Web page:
Start by pulling together all your communications across every touchpoint and analysing them to ascertain which pieces have been performing best.

Once you’ve done this, try and work out what made those pieces so successful.

  • Do they have common themes and features?
  • Are they speaking your target audience’s language?
  • Are they tapping into current trends?
  • Do they match your brand purpose and values?
  • Are they more interesting or better written than the others?
  • What aspects could you replicate across your brand?

Once you’ve established clear answers to these questions you should be able to get a much clearer picture of your brand voice and be able to work out whether it still resonates with your target audience.

3. Create a brand voice document.

Brands evolve, objectives change, and employees come and go. And that’s why you need a brand voice document.

A brand voice document provides a fixed reference point in the shifting sands of brand marketing and ensures that all communication remains constant and sounds like it comes from the same source.

This document should contain everything from brand values and mission statements to personality traits, common phrases and vocabulary used.

A new employee, unused to your company’s values and ways of working, should be able to look at this document and immediately understand the voice and tone of your brand.

To help this happen, make sure you include plenty of examples of your brand TOV in action so that they can get a clear taste of how it works. Also, make sure that you include examples of how it rolls out across different touchpoints such as webpages, eDMs, landing pages, blogs, posts, emails and the like.

4. Finding the right voice

Your language needs to adapt itself to your target audience. Or, to put it another way, you need to speak the same language they do.

That doesn’t mean that you slavishly change your TOV to suit every different target audience. But it does mean that you need to settle on a communication style that appeals to a broad swathe of the population.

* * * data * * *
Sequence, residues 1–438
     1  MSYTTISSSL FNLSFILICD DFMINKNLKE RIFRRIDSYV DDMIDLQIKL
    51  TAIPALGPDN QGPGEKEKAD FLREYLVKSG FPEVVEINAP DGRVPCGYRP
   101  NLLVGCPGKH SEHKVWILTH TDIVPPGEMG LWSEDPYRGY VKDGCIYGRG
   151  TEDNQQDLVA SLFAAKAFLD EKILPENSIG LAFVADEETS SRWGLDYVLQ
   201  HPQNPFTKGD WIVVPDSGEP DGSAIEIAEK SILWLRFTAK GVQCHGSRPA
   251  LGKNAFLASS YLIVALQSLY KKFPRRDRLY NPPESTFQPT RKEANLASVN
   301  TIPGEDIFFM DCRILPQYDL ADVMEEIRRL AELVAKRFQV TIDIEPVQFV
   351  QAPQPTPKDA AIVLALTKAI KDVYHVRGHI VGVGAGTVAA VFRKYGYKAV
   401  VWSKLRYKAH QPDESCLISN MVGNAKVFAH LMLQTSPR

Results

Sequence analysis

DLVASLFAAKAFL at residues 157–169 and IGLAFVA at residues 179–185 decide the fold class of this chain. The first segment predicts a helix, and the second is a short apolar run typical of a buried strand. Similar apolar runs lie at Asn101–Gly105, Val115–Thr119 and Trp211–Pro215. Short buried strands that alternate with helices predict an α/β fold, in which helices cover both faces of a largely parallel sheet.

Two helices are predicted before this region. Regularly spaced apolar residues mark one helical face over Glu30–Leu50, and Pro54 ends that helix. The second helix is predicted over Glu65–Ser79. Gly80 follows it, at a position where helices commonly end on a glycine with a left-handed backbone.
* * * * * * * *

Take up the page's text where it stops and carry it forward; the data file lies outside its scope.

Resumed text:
We suggest making it friendly, trustworthy, empathetic, slightly humorous and self-aware. Rather like a best mate.

Be mindful of current trends and don’t be afraid to use elements of your target audience’s speech in your communication. It shows that your brand is contemporary and switched on.

Also, ensure your voice is sufficiently flexible to lend itself to multiple communication strands. Your tone for a big brand sale won’t be the same as it will be for responding to a customer complaint. But you still need to use the same elements to ensure consistency and familiarity of voice.

Conclusion

In a world where communication is key, a brand voice enables you to create a distinct persona for your brand to enable it to stand out from the rest. And if this voice is authentic and connects with your audience at a meaningful level, you will find that you have built a stable and fulfilling relationship that can last for a lifetime.

If you need help finding your voice, or with any other aspect of your brand, then contact [email protected]

Share us on:
FacebookEmailLinkedIn

Recommended For You

Business / Marketing
It ain’t what you say it’s

Someone asked me the other day to explain the difference...

17 Aug,2022 | Angelina Fan

Branding / Marketing
Would you have a relationship

You’re on a first date with an attractive looking person....

21 Jul,2022 | Simran Kaur

Marketing / Strategy
ABM NOW HAS THE AB(X) FACTOR

Since the turn of the millennia, Account-based marketing (ABM) has...

26 May,2022 | Angelina Fan

Business / Marketing
WHAT B2B CAN BE FOR ME

As far as I know, I’m doing a pretty good...

24 May,2022 | Simiran Srinarula

Business / Digital / Marketing
The Key Success In Optimising

What Is Conversion Rate Optimisation? Optimising conversion rate is about...

10 Dec,2021 | Vu Tran

FacebookEmailLinkedIn